Feline leukemia is caused by feline leukemia virus, but depending on the sub-type of virus present, it can cause diseases other than leukemia, such as tumors, lymphoma (the most common FeLV associated cancer), and other abnormal growths and least commonly, anemia. The virus suppresses the immune system and as a result, infected cats may show variable clinical signs such as recurring or persistent infections, abscesses, inflammation of the gums and other tissues of the mouth, fever, and lethargy. Kittens are most susceptible to the virus when exposed, but by six to eight months of age the immune system matures and it becomes “harder” to become infected. The virus is transmitted through saliva and blood, therefore grooming, nose-to-nose contact, shared food and water bowls, and bites are common modes of transmission. An infected queen can infect kittens through the placenta, via milk, or saliva.
In the early stages of infection the virus enters the tonsils, then lymph nodes, and enters the circulation. This process takes about a month until cats will have detectable virus in the blood stream. Therefore, if you suspect your cat has been exposed, you have to wait about one month before testing. Later the virus moves into bone marrow cells and this takes 6-8 weeks after the initial infection. There is a latent form of infection in which cats are healthy, but the virus can reactivate at any point in its lifetime. Then, of course, there are cats that always have virus in an active stage and over 50 percent of these cats will succumb to related diseases within two to three years after infection. There are several testing methods available to you through your veterinarian.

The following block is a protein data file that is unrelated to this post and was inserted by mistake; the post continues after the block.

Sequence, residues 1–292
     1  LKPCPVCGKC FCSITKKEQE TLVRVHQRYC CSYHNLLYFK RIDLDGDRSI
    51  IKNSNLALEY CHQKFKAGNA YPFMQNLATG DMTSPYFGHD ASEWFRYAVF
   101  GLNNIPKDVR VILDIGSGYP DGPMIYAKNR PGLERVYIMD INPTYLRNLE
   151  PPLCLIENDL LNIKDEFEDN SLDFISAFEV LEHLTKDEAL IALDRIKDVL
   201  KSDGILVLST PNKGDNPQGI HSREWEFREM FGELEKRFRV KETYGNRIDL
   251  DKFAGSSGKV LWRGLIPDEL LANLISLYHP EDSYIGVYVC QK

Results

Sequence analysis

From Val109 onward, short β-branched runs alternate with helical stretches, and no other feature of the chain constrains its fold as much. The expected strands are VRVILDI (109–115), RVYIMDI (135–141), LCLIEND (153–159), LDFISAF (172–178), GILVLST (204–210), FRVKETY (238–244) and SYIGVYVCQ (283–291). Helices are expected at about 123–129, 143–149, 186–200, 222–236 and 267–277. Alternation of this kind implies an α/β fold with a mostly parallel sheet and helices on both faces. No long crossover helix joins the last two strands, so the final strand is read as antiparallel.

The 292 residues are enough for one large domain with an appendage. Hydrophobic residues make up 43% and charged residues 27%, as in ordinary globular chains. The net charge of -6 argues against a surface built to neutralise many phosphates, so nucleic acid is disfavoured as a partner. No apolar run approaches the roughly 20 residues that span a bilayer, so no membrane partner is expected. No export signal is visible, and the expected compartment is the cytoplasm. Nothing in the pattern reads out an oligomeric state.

It is recommended that all kittens be vaccinated against FeLV as feline leukemia is almost entirely preventable with two kitten vaccines and a booster one year later. Cats that go outdoors and may have contact with other cats should be vaccinated. Adult cats can be tested prior to vaccination but vaccinating a positive cat will not change the progression of disease nor make it less likely for it to infect other cats. Vaccination is recommended for multi-cat households where new cats are frequently introduced and in households with a FeLV positive cat. New cats should be tested prior to introduction to a FeLV negative cat.
Valley Oak SPCA Low-Cost Spay and Neuter Clinic:
9405 West Goshen Avenue
Visalia, CA 93291
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Monday, Thursday, Friday: 12 p.m. – 6 p.m.
Saturday, Sunday: 10 a.m. – 5 p.m.
Closed Tuesday and Wednesday
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